List of circus skills
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Circus skills are a group of pursuits that have been performed as entertainment in circus, sideshow, busking, or variety/vaudeville/music hall shows. Most circus skills are still being performed today. Many are also practiced by non-performers as a hobby.
Circus schools and instructors use various systems of categorization to group circus skills by type. Systems that have attempted to formally organize circus skills into pragmatic teaching groupings include the Gurevich system (the basis of the Russian Circus School's curriculum) and the Hovey Burgess system.
Hovey Burgess system
The Hovey Burgess pedagogy divides circus skills into three categories, each subdivided into three skill levels.
|Category||Preliminary skills||Essential skills||Diversified skills|
|Juggling | Balancing objects||Toss juggling: balls, rings, clubs||Gyroscopic juggling: devil sticks, diabolo, plate spinning, etc.|
|Equilibristics||Headstands and hand balancing||Balancing: on rolling objects (unicycle, rola bola, etc.), on "stilting" objects (stilts, freestanding ladder, etc.) and human columns.||Rigging: trapeze, horizontal bar, slackwire, tight wire, etc.|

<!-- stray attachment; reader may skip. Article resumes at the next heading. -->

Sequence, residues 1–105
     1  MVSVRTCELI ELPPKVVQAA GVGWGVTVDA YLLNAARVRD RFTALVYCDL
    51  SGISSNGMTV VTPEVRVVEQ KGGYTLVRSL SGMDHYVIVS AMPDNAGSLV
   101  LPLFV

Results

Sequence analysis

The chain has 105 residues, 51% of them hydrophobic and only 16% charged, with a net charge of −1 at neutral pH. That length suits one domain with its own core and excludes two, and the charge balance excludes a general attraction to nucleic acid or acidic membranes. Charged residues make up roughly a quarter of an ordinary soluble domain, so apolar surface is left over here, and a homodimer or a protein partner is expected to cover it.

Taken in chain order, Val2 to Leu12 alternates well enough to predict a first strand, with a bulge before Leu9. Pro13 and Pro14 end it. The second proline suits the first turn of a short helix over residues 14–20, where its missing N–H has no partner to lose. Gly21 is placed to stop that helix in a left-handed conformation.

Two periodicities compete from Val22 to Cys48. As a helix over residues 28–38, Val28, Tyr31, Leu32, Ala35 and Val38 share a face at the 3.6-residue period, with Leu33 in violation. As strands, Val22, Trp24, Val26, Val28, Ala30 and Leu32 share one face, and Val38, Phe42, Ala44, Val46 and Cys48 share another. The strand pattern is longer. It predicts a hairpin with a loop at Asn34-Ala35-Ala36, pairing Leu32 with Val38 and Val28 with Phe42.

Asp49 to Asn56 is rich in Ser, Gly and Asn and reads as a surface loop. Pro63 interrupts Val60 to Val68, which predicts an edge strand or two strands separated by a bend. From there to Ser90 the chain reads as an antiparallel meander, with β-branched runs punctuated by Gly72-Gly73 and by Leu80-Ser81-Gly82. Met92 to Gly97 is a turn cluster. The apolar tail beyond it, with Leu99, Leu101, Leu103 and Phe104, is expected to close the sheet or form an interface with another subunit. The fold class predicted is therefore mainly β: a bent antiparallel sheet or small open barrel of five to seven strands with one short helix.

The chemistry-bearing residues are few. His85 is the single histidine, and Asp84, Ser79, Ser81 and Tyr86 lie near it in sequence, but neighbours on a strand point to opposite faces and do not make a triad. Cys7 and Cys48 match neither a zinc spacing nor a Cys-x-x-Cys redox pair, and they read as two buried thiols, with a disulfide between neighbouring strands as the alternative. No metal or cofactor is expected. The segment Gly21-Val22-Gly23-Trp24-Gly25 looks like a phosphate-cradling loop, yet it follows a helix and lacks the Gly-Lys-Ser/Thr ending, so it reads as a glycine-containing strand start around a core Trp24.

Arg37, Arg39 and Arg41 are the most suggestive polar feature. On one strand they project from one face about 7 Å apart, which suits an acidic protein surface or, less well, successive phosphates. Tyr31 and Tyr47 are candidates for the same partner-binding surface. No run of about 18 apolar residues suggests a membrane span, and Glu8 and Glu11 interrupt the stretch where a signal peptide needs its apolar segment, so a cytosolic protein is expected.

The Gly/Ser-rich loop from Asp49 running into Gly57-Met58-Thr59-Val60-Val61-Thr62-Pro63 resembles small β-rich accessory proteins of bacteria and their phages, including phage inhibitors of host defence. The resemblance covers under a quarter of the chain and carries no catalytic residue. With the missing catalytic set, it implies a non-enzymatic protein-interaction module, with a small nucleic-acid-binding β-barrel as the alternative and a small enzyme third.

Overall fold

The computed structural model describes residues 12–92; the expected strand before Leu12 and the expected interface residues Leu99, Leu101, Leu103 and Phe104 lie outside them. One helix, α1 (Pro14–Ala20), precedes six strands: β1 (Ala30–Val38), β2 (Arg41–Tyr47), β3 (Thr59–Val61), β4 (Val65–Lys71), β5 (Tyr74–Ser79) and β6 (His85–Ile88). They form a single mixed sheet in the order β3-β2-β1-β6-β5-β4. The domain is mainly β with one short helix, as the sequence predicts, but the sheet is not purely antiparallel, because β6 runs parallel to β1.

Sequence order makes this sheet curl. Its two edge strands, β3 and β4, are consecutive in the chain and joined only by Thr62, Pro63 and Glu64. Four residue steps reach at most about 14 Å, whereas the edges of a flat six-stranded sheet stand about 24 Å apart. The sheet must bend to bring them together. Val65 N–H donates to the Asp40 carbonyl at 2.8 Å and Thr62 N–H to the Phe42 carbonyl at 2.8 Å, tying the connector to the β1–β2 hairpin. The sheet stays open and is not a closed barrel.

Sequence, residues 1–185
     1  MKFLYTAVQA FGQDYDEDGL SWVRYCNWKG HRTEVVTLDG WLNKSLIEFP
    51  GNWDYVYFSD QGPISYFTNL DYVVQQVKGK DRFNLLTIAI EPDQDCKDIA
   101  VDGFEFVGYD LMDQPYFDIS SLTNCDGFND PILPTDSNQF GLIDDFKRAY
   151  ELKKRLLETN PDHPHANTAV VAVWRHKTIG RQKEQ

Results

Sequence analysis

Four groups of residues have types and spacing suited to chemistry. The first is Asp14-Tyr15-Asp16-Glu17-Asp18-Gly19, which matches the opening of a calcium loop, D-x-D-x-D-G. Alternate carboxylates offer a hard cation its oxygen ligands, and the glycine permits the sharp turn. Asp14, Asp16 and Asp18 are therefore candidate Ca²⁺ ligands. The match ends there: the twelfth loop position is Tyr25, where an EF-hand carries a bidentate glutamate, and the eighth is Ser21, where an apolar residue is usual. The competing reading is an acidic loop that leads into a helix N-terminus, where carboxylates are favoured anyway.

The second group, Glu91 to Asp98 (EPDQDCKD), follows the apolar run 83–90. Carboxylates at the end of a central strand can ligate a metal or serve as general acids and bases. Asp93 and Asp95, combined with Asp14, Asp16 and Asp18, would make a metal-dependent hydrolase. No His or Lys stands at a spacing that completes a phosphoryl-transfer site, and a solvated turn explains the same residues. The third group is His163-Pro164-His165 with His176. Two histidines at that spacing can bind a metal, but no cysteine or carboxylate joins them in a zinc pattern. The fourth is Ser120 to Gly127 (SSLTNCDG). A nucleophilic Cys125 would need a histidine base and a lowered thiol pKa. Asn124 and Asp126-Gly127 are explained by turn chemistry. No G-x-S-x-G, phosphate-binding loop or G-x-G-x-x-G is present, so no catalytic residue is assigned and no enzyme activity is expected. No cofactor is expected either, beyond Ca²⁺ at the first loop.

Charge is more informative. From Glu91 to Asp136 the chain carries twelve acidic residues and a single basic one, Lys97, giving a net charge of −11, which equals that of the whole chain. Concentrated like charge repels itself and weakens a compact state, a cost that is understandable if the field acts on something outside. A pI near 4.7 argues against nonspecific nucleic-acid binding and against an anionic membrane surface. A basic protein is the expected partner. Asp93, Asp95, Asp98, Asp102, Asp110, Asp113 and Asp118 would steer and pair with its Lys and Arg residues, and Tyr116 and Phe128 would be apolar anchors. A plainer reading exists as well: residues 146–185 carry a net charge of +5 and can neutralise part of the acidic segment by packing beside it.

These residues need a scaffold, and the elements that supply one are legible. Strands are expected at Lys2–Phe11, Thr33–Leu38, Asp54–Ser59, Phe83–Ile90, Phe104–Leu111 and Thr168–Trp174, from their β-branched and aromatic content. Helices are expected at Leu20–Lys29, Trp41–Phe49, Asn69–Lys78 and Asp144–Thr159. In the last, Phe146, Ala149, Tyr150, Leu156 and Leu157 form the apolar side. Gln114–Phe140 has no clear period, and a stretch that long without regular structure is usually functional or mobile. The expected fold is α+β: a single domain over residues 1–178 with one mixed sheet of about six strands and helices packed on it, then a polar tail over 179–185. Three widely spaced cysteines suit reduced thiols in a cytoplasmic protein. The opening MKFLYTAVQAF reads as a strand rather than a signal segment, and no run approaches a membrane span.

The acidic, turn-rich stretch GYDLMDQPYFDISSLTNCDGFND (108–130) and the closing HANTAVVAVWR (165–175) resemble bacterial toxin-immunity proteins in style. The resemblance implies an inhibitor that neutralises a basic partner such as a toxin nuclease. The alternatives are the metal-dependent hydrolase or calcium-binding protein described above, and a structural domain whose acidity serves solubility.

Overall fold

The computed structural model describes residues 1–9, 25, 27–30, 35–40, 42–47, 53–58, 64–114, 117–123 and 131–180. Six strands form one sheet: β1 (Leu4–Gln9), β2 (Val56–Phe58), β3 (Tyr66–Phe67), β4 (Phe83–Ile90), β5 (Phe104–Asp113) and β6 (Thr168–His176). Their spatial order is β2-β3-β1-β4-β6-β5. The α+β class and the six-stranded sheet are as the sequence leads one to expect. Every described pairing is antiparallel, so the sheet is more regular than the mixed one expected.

|Vaulting||Jumping||Turning the body along its long, medium and short axes||Catapults|
Hovey Burgess has been known to compare his system to Newton's third law (i.e., "for every action, there is an equal and opposite reaction"). Vaulting is concerned with action; juggling is concerned with reaction; equilibrium is the intersection of action and reaction.
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Circus skills which involve balancing or maintaining equilibrium. The term applies equally to acts in which the performer balances on a piece of equipment or a prop, and acts in which the performer balances a prop on a part of their body.
Circus and sideshow attractions
- "The Classification of Circus Techniques" by Hovey Burgess. The Drama Review: TDR, Vol. 18, No. 1, Popular Entertainments (Mar., 1974), pp. 65-70. doi:10.2307/1144863.
- "Circus Glossary". Circusland Company. Retrieved 13 November 2012.
Icarian Games: One of varieties of antipode [foot juggling] genre. In this instance a performer's partner plays as antipodist's props used for tossing and juggling
- "Aerial Acts". Flying High Circus, Florida State University. Retrieved 13 November 2012.
- Burgess, Hovey (1976). Circus Technique. Drama Book Specialists. ISBN 978-0-910482-72-1.